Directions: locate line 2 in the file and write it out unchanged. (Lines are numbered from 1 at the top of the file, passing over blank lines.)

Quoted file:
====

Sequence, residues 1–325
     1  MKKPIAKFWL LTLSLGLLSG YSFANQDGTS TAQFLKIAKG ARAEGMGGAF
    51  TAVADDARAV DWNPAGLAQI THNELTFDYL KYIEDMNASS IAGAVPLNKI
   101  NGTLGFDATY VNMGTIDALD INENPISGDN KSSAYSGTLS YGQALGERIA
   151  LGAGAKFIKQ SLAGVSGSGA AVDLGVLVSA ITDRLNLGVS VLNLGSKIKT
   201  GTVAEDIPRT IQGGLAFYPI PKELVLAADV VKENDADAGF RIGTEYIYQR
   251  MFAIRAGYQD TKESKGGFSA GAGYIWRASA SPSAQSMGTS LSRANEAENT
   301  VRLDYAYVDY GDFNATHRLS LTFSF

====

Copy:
     1  MKKPIAKFWL LTLSLGLLSG YSFANQDGTS TAQFLKIAKG ARAEGMGGAF